The aggressive action taken by some businesses against those who post negative reviews online about their product or service is having a chilling effect on some reviewers who fear being sued, observers say.
"It's a tremendous issue. We're running into that all over. It's cheap to threaten and expensive to defend," said Paul Alan Levy, a lawyer who specializes in free speech issues related to the internet for the Washington, D.C.- based Public Citizen Litigation Group.
"So yes, many people become very quiet when they're faced with the realistic possibility that they're going to have to defend against a libel claim even if what they said is true. Because it's all very well to defend, but if it costs $10,000 to defend a true comment, well you're out $10,000. How much is it worth?"
"Certainly businesses are counting on the fear reaction," Levy said.
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Some companies in the U.S. have taken it a step further and are including “non-disparagement” clauses into contracts, which prevent customers from writing anything negative about the company. Unlike a libel claim, which is only actionable over a false statement of fact, a non-disparagement clause can be enforced even if the comments are found to be true. (California recently passed legislation that makes such clauses illegal. A similar bill is currently making its way through the U.S. Congress.)
Levy acknowledged that some reviewers do post comments out of spite, and that there should be a way for businesses to deal with them, but that a balance needs to be struck.
Online review sites like Google, Yelp, TripAdvisor can have a profound impact on business, meaning companies are becoming much more proactive about who is talking about them.
Tom Keenan, a cybersecurity expert and professor at the University of Calgary, said this chilling effect is analogous to the so-called patent trolls in the U.S. who write to companies accusing them of infringing on a patent, hoping the company will pay them to go away.
'Hoping to browbeat people'
Companies are using the "same mentality ... [to] send out these letters hoping to browbeat people and in most cases... the people take their reviews down," said Keenan, who writes about the topic of his new book, Technocreep: The Surrender of Privacy and the Capitalization of Intimacy.
With few people familiar with the laws of defamation or libel, some reviewers will quickly retract or take down a comment when they've received a threatening letter from a company.
"There's no question that there's a chilling effect. If people get letters from lawyers, they right away say, ‘I shouldn't be doing this,’" said Keenan.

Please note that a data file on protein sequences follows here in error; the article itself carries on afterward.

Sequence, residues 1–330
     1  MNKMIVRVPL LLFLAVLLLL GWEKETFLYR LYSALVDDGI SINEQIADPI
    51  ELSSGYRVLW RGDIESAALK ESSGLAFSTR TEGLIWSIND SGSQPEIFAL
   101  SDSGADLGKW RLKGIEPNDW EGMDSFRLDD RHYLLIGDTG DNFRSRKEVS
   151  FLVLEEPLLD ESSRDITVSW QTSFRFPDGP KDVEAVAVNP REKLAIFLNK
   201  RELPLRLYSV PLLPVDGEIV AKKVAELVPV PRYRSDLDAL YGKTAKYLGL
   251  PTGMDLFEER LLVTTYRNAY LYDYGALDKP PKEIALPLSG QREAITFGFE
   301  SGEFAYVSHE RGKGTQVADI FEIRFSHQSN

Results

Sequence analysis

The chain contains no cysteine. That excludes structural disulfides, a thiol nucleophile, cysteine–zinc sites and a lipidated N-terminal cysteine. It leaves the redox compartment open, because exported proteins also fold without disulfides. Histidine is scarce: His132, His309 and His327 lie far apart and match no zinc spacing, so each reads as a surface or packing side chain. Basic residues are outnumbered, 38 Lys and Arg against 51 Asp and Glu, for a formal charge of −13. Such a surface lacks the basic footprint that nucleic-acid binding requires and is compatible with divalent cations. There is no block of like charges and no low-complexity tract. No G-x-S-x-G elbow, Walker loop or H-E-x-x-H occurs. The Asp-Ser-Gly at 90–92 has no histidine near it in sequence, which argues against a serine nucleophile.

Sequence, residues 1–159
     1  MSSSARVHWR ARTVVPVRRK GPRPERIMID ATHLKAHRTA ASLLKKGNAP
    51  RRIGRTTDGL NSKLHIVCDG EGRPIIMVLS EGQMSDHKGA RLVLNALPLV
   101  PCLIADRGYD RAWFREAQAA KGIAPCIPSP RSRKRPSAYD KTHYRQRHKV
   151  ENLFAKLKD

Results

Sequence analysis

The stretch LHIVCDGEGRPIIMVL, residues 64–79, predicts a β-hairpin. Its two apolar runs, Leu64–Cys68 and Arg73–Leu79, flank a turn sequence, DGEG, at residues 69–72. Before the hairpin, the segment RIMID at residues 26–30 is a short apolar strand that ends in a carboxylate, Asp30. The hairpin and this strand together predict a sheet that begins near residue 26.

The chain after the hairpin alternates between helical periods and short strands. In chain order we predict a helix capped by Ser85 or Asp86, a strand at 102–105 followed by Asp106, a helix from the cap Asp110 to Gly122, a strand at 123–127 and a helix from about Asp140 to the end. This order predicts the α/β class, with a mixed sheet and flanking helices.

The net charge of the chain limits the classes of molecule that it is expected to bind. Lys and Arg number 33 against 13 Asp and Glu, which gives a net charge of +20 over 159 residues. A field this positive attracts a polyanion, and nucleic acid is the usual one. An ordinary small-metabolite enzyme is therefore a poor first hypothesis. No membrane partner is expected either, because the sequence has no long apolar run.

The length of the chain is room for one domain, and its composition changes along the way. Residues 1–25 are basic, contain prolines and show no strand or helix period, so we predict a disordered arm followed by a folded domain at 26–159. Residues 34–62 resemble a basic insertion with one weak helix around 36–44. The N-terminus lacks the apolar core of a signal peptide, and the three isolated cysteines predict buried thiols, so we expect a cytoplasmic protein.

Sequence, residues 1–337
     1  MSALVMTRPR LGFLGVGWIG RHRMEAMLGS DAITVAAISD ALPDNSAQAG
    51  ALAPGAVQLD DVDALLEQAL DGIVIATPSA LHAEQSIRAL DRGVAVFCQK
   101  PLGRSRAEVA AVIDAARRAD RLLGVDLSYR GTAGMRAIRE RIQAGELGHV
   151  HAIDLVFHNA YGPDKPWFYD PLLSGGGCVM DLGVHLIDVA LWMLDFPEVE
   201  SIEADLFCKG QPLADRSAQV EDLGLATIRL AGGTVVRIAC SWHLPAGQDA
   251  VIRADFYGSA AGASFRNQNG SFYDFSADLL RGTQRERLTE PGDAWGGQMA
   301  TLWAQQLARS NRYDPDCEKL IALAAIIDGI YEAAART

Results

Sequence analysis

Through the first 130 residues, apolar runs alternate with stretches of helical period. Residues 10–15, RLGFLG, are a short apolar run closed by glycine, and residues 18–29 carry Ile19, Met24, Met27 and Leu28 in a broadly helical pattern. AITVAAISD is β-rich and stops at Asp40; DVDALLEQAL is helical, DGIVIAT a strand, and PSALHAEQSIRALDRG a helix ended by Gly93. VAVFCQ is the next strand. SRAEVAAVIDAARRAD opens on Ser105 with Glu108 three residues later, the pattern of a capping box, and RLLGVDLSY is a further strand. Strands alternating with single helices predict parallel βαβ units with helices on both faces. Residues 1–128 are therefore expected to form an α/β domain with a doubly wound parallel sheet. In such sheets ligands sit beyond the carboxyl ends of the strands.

But Kevin Carter, a spokesman for TripAdvisor, said they will only remove a review if it fails to meet their guidelines, not because a business or individual doesn’t agree with it.
"It is completely against the spirit and policies of our site for any business owner to attempt to bully or intimidate reviewers who have had a negative experience," Carter said. "And when we are made aware of an issue, we address the issue with the business or individual. Instances of a member being sued are few and far between."
CBC's Go Public just highlighted a case in which an Ottawa student deleted the negative reviews she posted against CLV Group, a company that managed the building she lived in, after she received legal pressure from the company.
"Litigation is not a good substitute for customer service,' said Aaron Schur, Yelp's senior director of litigation. "Businesses that try to sue their customers into silence often end up wasting their own time and money and usually bring additional, unwanted attention to the original criticism."
Nancy Peterson, co-founder and president of HomeStars, an online forum which gathers reviews on home improvement experiences, said they have developed an internal "bully' warning for companies who are harassing reviewers about their reviews.
"If a review is removed by the homeowner, 90 per cent of the cases or more it's going to be because the homeowner is scared, has been threatened to take down the review."
Peterson said they will send companies notes and warnings, which can impact their ranking on HomeStars' website.
HomeStars also works with the Toronto-based law firm Aluvion Law, which has created some videos for reviewers on how to write negative reviews.
'Stick to the truth'
"We did a few informational videos about when you are going to write a negative review, what are some of the things to watch for," said Monica Goyal, a principal at Aluvion Law. "What are some tips so when you write the negative review, you can mitigate against somebody suing you for libel."
Most importantly, she said, "you want to stick to the truth. Don't veer from things that are provable...[We] go through examples where people might use inflammatory type of language or use exaggerated language. You want to stay away from that. Your review should be objective and factual."